Published: 28 February 2020
Through its work with secondary schools in Ogden partnerships across England, the Trust has become increasingly aware of the invaluable role played by physics technicians within school science departments, but equally has seen how this role is often under-valued.
In an effort to ensure that technicians in partnership schools have access to support where required, as well as opportunities for continuing professional development, the Trust is part-funding two lead technicians to provide support to other physics technicians within partnership schools.
“With less specialist physics teachers entering the profession and growing pressure on school budgets, the support and expertise of technicians can make a vital difference to physics provision in schools,” says Clare Harvey, Ogden Chief Executive. “For many years, we have been supporting the teachers who are delivering physics and we continue to do so, but we are also now underpinning this with support for physics technicians who fulfil such an important role within school science.”
Paul Cook (Senior Technician at Ark Burlington Danes Academy, West London) became the Ogden technician lead in the south in 2018, providing training and support, and sharing news, ideas and best practice. James Ricketts (Physics Technician, Durham School) is now the Ogden technician lead for the north of England.
“I have been working in schools since the 1990s,” explains James. “I have worked as a technician for the majority of that time but have spent several years teaching physics too. I returned to technician work having discovered that, for me, the joys of teaching were far fewer than the daily enjoyment of working in the prep room.”
“I have worked as a physics technician in private schools and in state schools; I have experience of working within a well-resourced department, but also in situations with very limited resources and physics A-level taught by a maths specialist,” continues James. “I currently work as physics technician in Durham school, one of the oldest schools in the country. Here there is plenty of support for physics teaching and the headmaster is one of the physics teachers in the school.”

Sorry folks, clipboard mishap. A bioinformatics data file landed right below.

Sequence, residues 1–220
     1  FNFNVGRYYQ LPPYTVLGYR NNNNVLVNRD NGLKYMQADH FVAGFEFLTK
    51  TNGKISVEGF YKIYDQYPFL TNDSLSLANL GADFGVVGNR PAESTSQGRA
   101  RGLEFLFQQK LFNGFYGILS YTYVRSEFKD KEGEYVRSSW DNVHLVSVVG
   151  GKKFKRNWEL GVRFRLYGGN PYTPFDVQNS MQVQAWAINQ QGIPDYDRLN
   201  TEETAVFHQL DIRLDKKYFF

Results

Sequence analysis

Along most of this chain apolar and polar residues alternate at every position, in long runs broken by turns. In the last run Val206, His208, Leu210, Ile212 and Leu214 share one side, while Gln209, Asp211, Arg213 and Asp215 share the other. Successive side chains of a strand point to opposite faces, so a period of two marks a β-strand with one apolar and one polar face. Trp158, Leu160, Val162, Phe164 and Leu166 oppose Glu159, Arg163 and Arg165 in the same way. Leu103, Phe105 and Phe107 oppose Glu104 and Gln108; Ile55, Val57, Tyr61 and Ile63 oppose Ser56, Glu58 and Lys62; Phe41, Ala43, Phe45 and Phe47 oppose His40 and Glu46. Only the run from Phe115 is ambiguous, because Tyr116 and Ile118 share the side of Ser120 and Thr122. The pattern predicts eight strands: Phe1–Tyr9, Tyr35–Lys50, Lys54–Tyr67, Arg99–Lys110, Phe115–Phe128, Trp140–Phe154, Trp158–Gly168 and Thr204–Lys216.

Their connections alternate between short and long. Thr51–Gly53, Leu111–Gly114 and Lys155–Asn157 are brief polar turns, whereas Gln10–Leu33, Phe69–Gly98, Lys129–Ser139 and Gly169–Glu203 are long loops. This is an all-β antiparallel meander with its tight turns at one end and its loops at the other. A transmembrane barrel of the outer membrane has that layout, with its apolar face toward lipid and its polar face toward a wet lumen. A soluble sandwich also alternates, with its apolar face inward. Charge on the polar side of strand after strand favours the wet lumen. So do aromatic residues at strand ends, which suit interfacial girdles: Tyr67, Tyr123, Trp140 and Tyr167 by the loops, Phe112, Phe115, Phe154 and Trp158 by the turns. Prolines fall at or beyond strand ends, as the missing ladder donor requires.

“I am now bringing all these experiences to my Ogden role so I can better support the partnership schools who find themselves in a range of different circumstances. I want to help re-energise the excitement for physics by supporting the technicians to be able to offer exciting and enthralling learning opportunities to the pupils that are straightforward to prepare and deliver,” explains James.
“I have enjoyed finding out about the abundant knowledge that there is amongst the technician community and the different levels of skills people are bringing to their schools,” he continues. “It is surprising to hear of the stresses that some technicians are placed under, whether it comes to solo working or covering a massive workload, but the dedication of the staff I have talked to, with regards to providing the best possible support to the pupils in their schools, is very encouraging.”
“You can see in schools that the enthusiasm of staff for their subject is infectious. With fewer physics specialist practitioners in the workplace it is becoming a cycle of missed opportunities; the spark of excitement for the subject is left unignited without the energy of the physics enthusiast. I hope I can help nurture and encourage an enthusiasm for physics by supporting the technicians who support the teachers.” concludes James.
The Ogden Trust has produced an A3 poster for schools to encourage better support for technicians. It is available for download here.